Proceedings of the National Academy of Sciences
National Academy of Sciences
We welcome this further discussion of our results on the age of the Great Gallery rock art in the Canyonlands of Utah. The comment by Simon and Reed (1) focuses on just one of the three components of our study (2), which is presented in greater technical detail in ref. 3 and is surely our best-constrained and least-surprising result: the dating of a rock-fall that removed some of the art and thus provides a minimum age. Simon and Reed (1) point out that the Great Gallery panel is not pristine and relate the sordid human history of visitation and possible disturbance to the site. Indeed, being aware of this during our research, one of our initial hypotheses was that the rock fall may be historic. Despite the possibility of recent disturbance to some of the talus boulders, our results document that the rock fall occurred ∼900 y ago, and for the boulder we sampled a scenario of historic disturbance and exposure such as postulated by Simon and Reed (1) can be ruled out.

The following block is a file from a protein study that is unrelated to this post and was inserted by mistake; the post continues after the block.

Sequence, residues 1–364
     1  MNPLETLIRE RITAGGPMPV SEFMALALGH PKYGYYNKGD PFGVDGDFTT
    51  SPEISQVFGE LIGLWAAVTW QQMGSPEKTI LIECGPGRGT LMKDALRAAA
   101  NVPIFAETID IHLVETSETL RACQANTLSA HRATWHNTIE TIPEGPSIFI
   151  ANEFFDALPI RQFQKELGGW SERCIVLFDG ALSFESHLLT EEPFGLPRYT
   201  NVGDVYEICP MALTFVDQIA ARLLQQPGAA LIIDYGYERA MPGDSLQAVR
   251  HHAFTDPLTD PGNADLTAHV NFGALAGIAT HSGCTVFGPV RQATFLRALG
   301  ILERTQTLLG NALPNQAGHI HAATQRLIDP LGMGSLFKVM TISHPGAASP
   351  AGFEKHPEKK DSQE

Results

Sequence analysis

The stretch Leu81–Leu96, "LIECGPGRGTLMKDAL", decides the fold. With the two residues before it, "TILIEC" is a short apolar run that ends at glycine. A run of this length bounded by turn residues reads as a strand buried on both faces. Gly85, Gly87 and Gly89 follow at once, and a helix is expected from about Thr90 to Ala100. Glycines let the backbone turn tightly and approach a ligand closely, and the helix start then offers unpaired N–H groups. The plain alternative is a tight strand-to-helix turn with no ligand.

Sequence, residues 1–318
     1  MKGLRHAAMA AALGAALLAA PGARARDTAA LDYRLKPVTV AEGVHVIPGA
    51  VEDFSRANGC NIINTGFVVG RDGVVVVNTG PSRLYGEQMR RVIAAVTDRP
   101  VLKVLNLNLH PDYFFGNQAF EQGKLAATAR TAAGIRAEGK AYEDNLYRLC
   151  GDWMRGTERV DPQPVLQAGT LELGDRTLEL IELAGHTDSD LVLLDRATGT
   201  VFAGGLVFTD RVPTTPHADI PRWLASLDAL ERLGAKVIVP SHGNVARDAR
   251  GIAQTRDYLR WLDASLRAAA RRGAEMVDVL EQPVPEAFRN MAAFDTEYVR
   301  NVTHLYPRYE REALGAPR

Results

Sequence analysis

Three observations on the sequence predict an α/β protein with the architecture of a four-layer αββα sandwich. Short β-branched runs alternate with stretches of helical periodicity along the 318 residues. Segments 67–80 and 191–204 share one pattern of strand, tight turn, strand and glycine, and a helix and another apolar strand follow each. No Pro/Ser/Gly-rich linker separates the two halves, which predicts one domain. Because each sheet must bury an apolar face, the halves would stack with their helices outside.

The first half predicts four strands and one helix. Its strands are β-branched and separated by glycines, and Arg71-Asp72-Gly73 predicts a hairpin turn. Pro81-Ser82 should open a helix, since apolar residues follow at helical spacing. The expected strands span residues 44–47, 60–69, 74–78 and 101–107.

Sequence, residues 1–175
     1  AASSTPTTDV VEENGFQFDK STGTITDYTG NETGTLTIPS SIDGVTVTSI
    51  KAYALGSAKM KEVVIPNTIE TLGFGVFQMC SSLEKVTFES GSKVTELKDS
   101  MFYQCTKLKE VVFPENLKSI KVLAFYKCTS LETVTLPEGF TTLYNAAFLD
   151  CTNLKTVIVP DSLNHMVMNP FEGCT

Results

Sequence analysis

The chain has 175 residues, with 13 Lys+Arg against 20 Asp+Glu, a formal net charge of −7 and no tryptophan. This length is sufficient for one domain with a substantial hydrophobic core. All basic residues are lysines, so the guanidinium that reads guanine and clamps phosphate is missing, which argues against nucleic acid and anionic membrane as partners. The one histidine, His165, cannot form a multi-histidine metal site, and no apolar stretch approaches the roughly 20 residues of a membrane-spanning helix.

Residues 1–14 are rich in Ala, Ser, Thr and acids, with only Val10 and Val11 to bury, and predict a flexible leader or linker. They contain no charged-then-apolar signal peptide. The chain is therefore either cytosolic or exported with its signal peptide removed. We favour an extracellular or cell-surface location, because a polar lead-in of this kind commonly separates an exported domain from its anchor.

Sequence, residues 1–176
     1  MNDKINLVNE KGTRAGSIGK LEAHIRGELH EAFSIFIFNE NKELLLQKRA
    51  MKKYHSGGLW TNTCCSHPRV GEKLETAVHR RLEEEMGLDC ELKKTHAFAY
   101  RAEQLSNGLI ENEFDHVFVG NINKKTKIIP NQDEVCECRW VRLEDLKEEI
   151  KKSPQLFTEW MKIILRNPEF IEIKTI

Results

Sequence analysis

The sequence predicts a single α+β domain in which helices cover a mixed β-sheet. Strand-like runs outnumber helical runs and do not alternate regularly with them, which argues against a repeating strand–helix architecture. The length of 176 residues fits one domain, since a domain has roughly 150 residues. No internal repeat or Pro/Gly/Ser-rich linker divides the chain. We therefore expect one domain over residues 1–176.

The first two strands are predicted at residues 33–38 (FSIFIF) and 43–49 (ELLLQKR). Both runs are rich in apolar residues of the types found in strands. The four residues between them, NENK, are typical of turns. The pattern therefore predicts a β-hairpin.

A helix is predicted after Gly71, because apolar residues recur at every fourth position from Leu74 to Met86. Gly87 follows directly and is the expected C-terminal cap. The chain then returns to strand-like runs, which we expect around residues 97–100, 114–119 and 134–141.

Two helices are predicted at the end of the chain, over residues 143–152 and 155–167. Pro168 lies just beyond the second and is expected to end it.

Pederson, J. L., Chapot, M. S., Simms, S. R., Sohbati, R., Rittenour, T. M., Murray, A. S. 2014. Reply to Simon and Reed: Independent and converging results rule out historic disturbance and confirm age constraints for Barrier Canyon rock art. Proceedings of the National Academy of Sciences (PNAS) https://doi.org/10.1073/pnas.1421319112